Talking can break down all barriers

I agree with Ellaine Cameron manager of Relate Gloucester and Swindon, writing in Swindon Advertiser, that lack of communication is a prime cause of relationship breakdown. Important to break down the barriers. “Keep talking and keep listening”. Other common reasons are infidelity, strife involving extended family, delicate business of blending step families and task sharing. In my own experience, as a relationship counsellor, conflict and difficulty in resolving issues is a common reason for relationship breakdown as well as relationship being one sided and couple not “playing” that is not enjoying being together. (Ideas from Transactional Analysis). Relationship and other counselling is a two way process. Equally shared between counsellor and client. It requires the client(s) to be engaged and committed. May involved doing some “homework”. As Elaine says, not to sit in a room with a counsellor and have the counsellor tell them what to do. (Same as being in a relationship really)

New Year relationship blues

New year is a time when many of us naturally assess how life is going and this includes in our relationships. Relationship counselling organisations and counsellors in private practice receive a higher number of calls at this time of the year. This might be because people are considering what they want from their relationship or because Christmas has put a greater strain on a relationship as issues come to the surface. Contacting a counsellor is a positive step.

How do you feel about your – or someone else’s – behaviour? Permission to let go.

Let me give you some “Permission”

You (or someone else) may have engaged in a not-OK behaviour but you (or someone else) are/is OK as a person. I believe that you (someone else) did the best you could have – as you saw it at the time – when everything was known and taken into account. Therefore you do not deserve blame from me or anyone.

In other words:

Don’t blame yourself

Don’t accept blame from anyone else (including the Parent Ego figures in your imagination)

You did your best – or what you had to do – given the circumstances.

We may disagree with the behaviour (your own or someone else’s) but behaviour is a message from the person not the person themselves. If you believe this statement, you will look for the highest intention behind any behaviour and try to find the real person behind it. This includes how you talk to and view yourself.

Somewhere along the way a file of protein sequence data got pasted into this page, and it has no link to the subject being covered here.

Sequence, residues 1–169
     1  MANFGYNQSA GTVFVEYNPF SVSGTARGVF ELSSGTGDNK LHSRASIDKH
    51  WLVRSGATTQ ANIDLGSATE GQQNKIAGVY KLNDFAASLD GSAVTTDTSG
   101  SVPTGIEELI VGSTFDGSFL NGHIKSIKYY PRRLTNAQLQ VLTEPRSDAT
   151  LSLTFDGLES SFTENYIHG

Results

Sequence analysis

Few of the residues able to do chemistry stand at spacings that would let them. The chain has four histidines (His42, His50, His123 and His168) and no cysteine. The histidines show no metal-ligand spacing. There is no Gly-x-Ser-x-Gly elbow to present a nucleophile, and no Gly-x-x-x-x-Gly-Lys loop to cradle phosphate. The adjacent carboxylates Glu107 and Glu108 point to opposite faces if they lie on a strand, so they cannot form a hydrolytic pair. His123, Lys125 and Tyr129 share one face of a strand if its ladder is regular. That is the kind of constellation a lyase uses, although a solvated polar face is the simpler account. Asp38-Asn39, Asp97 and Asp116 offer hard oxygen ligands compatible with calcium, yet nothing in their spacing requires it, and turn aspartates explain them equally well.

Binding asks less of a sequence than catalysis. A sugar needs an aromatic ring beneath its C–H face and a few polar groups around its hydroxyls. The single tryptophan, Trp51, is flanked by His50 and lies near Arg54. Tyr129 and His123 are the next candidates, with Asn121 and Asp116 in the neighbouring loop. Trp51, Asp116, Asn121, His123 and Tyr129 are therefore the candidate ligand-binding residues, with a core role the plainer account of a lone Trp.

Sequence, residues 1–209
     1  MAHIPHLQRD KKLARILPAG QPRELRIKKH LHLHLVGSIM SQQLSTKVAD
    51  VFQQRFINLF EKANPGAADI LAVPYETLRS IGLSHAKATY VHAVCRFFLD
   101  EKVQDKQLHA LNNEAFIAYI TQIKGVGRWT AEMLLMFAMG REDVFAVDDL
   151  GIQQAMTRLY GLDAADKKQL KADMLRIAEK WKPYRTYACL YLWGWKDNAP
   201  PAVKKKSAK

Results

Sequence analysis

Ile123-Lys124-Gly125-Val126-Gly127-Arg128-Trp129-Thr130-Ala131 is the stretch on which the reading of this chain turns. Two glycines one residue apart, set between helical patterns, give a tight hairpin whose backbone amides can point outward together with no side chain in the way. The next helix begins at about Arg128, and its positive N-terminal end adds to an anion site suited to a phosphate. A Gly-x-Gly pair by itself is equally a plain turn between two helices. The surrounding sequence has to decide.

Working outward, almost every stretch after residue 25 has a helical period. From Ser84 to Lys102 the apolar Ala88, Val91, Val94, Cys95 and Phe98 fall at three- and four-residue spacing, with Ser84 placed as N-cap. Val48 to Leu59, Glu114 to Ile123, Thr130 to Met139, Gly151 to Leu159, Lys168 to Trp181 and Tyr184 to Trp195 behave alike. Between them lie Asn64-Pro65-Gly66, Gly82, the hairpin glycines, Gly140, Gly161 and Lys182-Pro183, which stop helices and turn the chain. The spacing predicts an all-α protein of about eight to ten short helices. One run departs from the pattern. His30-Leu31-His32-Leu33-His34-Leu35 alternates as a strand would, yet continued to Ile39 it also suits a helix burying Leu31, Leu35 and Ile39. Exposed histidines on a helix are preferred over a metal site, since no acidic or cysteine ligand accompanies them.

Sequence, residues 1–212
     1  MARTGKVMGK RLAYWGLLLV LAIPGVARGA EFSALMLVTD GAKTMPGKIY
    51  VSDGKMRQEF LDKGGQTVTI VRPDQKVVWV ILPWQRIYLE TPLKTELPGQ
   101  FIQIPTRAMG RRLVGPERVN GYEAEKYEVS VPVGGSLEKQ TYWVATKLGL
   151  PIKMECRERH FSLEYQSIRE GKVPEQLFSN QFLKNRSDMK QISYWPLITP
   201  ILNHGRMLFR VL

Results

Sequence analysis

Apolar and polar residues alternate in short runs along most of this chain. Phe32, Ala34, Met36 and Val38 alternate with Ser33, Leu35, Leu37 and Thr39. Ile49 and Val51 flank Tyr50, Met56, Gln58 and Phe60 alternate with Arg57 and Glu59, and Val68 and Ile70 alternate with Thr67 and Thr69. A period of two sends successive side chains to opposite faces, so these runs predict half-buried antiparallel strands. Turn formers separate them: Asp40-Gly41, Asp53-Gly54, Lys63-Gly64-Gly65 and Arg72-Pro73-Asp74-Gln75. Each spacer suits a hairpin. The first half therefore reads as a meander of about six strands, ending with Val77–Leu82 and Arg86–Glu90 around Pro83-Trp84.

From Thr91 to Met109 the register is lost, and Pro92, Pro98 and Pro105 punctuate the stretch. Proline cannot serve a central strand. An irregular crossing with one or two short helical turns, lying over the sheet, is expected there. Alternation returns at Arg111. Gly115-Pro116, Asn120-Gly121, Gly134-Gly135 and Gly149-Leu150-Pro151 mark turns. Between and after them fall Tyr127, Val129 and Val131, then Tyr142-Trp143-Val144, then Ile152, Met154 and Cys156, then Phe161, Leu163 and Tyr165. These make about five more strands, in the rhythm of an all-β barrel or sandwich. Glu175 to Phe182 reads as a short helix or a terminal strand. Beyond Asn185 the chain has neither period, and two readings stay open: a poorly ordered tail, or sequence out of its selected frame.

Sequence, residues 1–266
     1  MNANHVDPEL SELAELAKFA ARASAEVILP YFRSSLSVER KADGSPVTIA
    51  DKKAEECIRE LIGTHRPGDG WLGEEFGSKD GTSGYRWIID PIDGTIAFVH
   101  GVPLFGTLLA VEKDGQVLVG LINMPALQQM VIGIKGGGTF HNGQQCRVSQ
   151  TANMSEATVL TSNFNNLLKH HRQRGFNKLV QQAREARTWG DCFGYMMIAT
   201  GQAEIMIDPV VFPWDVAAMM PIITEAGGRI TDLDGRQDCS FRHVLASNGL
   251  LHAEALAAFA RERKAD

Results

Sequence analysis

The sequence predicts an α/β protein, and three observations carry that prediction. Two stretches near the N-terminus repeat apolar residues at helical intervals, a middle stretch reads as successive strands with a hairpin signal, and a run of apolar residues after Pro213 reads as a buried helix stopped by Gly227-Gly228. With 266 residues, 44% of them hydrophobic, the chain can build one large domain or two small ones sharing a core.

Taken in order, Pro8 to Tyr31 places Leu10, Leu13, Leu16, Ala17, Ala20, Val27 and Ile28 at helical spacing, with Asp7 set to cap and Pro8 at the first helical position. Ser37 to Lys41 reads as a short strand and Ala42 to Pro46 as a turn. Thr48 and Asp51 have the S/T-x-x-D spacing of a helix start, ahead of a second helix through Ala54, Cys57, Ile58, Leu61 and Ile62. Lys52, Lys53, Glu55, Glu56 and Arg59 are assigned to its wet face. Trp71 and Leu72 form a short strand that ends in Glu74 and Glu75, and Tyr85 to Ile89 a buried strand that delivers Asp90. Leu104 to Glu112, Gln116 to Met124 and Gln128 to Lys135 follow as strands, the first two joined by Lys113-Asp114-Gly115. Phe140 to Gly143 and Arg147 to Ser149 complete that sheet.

Blame does not help. (Towards someone else or towards yourself)

It traps and binds and prevents the very change it seeks to bring about.

Forgiveness is a decision to make a fresh start and to remove – from past events – the power to control our lives in the future.

It is an act of liberation for us and for others.

Acknowledgement to Peter Flowerdew

Permission is a very important part of Transactional Analysis.

It’s a situation in which the therapist says

“You can do what your parents or other people told you not to do” or

“You don’t have to keep doing what you decided to do as a child”

For example, if a person is now very shy was told

“Don’t ask for anything”

one permission would be to ask for what is wanted or needed.

Claude Steiner

In the not OK behaviour, we are following strategies we decided upon as a young children. These strategies were the best ways we could work out as infants to survive and get what we wanted from a world that may have seemed hostile. As grown ups we still pursue these same patterns at times. We may do this even though the results are painful or unproductive. The behaviour might be doing something or not doing something as in Claude Steiner’s example above.

Come and talk to me about behaviours that have been unproductive and painful.

 

 

 

 

Where’s the summer?

Does the weather affect how we feel about ourselves or our relationships? It’s easy to “blame” what’s going on our there for how we think and feel but we have more control over mind than we believe. In fact one belief system – that of Buddhists – is that problems don’t exist outside our mind. I often hear couples say that if only she or he would change in some way then all would be well in their relationships. In fact we are all interdependent. I appreciate that the interdependence idea is hard to believe sometimes especially if he or she has behaved very hurtfully towards ourselves. Hurtful behavior may be a “cry for help” or a symptom of a poorly relationship. It’s the system that needs examining or exploring. Like that of an engine. The parts depend on each other.

Autumn news

relate

Now that the summer is over it’s back to work on those Changes.

Updates:

I resigned from my job in Contraception and Sexual Health nursing in June to enable to me to offer clients regular (same time and day) appointments.

I’ve now completed my Relationship Counselling conversion course with Relate and continue to work towards the full Relate qualification. Relate in Wolverhampton and Dudley is very busy since being taken over by Birmingham. I’m still working with couples in private practice.

I’m still working with clients who come to see me for support and an understanding of their process and Change with the use of Transactional Analysis and continue to work with my superviser Peter Flowerdew.

New tools for the tool box. I’m going to start NLP and hypnotherapy training in October. This will satisfy the request I’ve been getting for techniques and hopefully make the process of Change quicker for clients.

Husband and I are moving house soon. I’ll still be working from home in the front room until I have a purpose build therapy room.

Louise